First time video conferencing of HD video at high bit rate on a routed network between personal computers 1,700 miles apart
AJA today announced that its XENA HD card was used in the first demonstration of uncompressed 1080i video conferencing between two remote locations 1,700 miles apart during the Internet2 Fall Member Meeting. A XENA HD card was on each end of the system, installed in personal computers running Windows(R) platform for both HD input and output. The ResearchChannel demonstrated the video streaming on a shared OC48 over the Abilene Network during the Meeting on September 30 in Austin, Texas, and connected with participants at the University of Washington (UW) in Seattle, Washington. This demo was in preparation for SC04 in November, where ResearchChannel will have a dedicated 10Gbps circuit.
"XENA HD is a powerful and fast card; we are proud that ResearchChannel selected it to be an integral part of their new technology," said John Abt, president of AJA Video Systems. "AJA is known for professional video products designed for reliability and leading edge technology. We look forward to the future of uncompressed HD video conferencing and what it means for communications around the world."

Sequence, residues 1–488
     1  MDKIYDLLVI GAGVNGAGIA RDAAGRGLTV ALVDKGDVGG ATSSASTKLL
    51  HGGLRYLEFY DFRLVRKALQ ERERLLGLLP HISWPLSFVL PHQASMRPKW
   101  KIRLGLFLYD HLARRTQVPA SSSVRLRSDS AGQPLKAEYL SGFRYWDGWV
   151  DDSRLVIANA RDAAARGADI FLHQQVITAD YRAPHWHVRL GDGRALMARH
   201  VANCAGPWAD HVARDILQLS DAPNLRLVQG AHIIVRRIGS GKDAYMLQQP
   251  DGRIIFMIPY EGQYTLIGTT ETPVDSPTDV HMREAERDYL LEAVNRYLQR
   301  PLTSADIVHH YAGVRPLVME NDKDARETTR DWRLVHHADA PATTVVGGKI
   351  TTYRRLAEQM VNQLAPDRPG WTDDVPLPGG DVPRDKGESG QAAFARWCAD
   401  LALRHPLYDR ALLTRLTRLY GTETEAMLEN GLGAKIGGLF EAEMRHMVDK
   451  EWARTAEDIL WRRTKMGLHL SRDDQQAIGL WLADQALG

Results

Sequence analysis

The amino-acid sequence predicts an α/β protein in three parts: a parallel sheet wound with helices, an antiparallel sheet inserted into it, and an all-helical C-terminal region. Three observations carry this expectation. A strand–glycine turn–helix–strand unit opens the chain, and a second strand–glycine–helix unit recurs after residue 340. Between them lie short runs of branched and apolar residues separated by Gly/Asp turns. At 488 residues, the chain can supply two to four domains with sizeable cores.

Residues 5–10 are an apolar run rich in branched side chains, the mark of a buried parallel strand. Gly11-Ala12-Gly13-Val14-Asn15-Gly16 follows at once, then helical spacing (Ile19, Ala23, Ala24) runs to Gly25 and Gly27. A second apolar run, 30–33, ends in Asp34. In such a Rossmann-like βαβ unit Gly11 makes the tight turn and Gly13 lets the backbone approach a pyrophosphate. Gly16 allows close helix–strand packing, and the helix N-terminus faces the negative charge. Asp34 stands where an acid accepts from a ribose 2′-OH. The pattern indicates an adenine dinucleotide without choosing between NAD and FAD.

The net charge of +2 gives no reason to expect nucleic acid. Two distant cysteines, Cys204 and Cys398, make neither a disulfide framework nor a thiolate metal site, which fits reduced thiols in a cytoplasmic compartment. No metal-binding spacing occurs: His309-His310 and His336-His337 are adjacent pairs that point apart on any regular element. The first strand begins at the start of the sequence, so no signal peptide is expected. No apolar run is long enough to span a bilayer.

During the Meeting, participants from UW, a member of the ResearchChannel, demonstrated the collaborative technology in development that makes high quality, low latency interactive videoconferencing possible at High Definition Television quality over IP networks. Attendees at each end were able to see and speak to each other as their images and voices streamed at a sustained data rate of 1.5 Gbps.
"We are very excited about the advancement of interactive applications," said Michael Wellings, director of engineering for the ResearchChannel. "The demonstration showed us the future of videoconferencing which is high speed, real-time, HD communications. AJA's XENA HD cards worked well not only because of the speed but also because they introduce minimal latency. In a real-time communication system like this, it is important to have as low a latency as possible."
Jim DeRoest, director of streaming media for research for the ResearchChannel, commented, "This demonstration is a precursor to the reality of a wider range of applications including initial use by major research institutions requiring high resolution, real-time resolution for collaborative projects." He continued, "future applications include medicine, simulation, digital cinema and anywhere requiring high fidelity images."